Adding an extra playroom or master bedroom suite without having to extend your property’s footprint is always an attractive option and converting lofts into habitable space offers a great opportunity. If it’s something you’re considering, you may have some questions that come to mind.
Here we address some of the most common queries people raise when it comes to achieving a larger home through loft conversion.
Do you need planning permission for a loft conversion?
Planning Permission is designed to prevent inappropriate or unlawful development. It focuses on the external appearance of buildings and their impact on the immediate environment.
Planning permission is often NOT needed for loft conversions. Most are defined as ‘permitted development’ and can be completed without planning permission.
There are clear rules on the limits of development that are exempt in this way, for example, the height of any new roof dormer or extension must not exceed the highest part of the existing roof – the space of the new accommodation for semis and detached houses must not exceed 50 cubic meters etc. The guidelines are very clear and can be found on the website www.planningportal.co.uk.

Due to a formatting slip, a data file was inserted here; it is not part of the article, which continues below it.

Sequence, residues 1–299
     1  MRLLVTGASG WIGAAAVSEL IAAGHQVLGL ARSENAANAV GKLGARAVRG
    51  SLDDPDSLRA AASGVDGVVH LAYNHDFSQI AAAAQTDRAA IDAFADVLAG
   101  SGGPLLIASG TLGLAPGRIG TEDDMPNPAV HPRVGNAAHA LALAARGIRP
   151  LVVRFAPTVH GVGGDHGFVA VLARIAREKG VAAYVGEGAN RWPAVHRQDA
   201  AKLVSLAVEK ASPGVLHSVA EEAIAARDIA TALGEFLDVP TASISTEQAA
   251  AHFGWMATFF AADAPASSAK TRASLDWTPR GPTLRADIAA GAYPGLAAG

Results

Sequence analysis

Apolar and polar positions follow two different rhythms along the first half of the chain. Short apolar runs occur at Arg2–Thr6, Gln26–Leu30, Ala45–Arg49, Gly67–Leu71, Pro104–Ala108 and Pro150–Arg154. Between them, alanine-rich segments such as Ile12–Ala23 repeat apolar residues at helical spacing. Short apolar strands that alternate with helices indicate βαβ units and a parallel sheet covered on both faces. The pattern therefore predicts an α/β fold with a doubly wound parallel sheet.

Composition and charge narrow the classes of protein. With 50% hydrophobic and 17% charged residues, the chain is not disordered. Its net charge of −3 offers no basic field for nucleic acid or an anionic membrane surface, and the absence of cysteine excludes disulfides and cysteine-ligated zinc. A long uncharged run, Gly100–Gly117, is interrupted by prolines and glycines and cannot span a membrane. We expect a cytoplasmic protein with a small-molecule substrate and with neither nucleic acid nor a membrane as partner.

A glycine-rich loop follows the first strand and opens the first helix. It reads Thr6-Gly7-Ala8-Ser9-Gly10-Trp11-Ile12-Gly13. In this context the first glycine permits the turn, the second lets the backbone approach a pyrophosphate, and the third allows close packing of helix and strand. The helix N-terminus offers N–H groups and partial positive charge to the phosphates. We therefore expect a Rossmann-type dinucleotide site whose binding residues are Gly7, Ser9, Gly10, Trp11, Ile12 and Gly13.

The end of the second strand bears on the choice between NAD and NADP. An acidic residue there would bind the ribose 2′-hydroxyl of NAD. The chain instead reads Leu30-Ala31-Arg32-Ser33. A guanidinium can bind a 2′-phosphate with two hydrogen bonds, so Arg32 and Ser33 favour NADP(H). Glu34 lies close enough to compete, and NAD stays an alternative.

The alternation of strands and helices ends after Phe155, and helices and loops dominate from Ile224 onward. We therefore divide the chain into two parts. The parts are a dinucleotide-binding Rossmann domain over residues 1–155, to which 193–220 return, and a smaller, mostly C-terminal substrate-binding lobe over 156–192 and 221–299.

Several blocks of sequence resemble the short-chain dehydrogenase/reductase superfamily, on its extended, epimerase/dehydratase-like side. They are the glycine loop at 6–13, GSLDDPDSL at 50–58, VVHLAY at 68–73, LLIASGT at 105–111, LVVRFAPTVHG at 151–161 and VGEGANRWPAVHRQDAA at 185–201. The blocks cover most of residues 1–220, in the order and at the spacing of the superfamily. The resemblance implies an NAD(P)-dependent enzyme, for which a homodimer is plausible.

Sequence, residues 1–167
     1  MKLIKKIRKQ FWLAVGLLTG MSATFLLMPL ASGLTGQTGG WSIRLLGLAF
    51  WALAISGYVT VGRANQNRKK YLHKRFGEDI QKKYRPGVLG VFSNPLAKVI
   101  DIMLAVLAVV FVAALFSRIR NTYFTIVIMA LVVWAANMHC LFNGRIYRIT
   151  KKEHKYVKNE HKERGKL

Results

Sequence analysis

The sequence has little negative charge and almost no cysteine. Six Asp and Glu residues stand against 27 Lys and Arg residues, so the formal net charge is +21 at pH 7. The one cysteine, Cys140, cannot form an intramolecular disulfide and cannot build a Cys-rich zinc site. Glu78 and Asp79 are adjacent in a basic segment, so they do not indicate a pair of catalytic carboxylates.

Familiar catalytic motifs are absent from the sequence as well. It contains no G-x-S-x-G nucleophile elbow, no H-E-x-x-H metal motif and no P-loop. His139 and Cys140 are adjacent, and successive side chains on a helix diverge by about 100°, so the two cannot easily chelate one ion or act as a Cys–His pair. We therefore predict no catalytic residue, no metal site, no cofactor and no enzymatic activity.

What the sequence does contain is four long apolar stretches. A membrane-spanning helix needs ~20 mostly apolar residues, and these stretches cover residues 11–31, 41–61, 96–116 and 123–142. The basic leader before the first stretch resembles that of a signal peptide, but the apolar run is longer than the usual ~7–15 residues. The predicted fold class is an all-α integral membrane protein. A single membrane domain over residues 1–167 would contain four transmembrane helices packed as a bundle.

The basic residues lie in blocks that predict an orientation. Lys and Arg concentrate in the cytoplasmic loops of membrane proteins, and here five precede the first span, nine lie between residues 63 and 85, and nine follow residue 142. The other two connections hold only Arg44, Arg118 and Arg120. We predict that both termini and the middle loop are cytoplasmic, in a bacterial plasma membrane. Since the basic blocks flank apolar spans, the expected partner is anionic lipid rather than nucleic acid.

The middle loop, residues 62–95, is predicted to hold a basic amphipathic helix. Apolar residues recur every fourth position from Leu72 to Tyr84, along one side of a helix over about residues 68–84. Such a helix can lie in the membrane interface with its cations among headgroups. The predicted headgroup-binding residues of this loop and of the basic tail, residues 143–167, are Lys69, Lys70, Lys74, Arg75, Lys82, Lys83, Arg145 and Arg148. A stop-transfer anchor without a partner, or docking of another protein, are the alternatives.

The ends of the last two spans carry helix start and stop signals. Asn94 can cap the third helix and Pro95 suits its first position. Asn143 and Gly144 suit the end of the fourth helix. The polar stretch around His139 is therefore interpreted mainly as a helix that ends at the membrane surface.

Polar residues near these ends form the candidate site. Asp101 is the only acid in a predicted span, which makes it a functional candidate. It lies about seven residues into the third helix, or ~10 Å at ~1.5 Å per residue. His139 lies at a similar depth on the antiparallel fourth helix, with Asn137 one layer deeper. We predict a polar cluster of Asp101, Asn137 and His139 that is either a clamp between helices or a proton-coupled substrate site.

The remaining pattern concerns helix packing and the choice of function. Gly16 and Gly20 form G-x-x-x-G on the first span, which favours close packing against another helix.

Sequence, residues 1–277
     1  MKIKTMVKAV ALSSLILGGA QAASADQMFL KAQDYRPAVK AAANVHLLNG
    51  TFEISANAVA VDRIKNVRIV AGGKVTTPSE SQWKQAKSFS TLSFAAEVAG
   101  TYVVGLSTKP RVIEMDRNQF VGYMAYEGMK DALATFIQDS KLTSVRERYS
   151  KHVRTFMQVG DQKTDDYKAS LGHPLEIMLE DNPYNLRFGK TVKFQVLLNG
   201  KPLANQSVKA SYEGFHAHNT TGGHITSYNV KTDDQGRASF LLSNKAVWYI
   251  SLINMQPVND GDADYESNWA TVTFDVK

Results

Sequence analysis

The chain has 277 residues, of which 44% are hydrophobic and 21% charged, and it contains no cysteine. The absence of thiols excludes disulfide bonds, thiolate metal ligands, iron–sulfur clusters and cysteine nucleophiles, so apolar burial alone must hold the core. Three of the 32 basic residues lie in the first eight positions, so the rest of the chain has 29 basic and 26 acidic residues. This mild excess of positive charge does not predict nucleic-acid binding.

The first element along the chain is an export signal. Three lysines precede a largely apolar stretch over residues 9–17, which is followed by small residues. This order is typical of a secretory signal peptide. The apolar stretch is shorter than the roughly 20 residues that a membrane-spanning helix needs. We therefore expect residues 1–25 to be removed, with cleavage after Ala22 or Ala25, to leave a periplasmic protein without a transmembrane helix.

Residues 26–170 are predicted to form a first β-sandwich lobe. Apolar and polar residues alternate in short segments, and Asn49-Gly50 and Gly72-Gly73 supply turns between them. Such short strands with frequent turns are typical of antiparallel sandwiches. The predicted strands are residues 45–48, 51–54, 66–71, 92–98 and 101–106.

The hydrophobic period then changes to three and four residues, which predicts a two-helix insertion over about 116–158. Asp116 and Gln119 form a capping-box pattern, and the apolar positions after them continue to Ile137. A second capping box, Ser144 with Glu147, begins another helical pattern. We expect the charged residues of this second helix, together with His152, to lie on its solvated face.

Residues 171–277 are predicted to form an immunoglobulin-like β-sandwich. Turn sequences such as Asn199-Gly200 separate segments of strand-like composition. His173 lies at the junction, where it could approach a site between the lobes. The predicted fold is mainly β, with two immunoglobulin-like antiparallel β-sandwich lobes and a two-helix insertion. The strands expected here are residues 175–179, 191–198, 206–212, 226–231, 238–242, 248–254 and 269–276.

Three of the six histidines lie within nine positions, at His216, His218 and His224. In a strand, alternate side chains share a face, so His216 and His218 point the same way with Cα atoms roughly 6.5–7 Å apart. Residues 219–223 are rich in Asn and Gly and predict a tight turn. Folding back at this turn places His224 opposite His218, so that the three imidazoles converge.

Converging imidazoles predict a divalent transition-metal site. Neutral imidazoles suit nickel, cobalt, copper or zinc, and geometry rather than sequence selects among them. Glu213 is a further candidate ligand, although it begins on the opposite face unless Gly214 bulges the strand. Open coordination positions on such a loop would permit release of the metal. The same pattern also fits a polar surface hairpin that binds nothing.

Remember that rights of permitted development are often removed in conservation areas or if buildings are listed. In these cases, formal planning permission is needed.
What building regulations apply to loft conversions?
Building Regulations are standards set for building work to ensure that it’s safe, structurally sound and will perform to modern requirements. Building regulation approval is needed when any structural work is carried out to buildings and is ALWAYS needed for loft conversions.
It deals with the nuts and bolts of construction and your proposals will need to be approved by the Local Authority’s Building Control Team or their Approved Inspectors. When the work is finished, they will issue a Completion Certificate. It confirms that works have been carried out in accordance with regulations. It is a very important document for your own peace of mind and extremely useful when selling in the future, so well worth looking after.
Making sure that a converted loft is safe and well built involves many aspects of building regulations. The main areas are: